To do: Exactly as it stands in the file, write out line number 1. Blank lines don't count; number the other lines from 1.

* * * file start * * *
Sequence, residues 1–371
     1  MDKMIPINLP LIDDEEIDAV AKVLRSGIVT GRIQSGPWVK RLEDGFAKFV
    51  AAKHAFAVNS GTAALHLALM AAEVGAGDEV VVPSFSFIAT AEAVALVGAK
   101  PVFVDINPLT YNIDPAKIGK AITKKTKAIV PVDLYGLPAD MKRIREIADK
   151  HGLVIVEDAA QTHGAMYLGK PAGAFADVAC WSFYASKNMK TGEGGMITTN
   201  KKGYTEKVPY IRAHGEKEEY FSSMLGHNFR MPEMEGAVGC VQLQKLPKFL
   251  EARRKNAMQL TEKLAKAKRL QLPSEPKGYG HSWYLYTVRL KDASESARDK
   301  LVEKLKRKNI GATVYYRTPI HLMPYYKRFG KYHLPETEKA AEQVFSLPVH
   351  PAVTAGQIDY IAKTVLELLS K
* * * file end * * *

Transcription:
Sequence, residues 1–371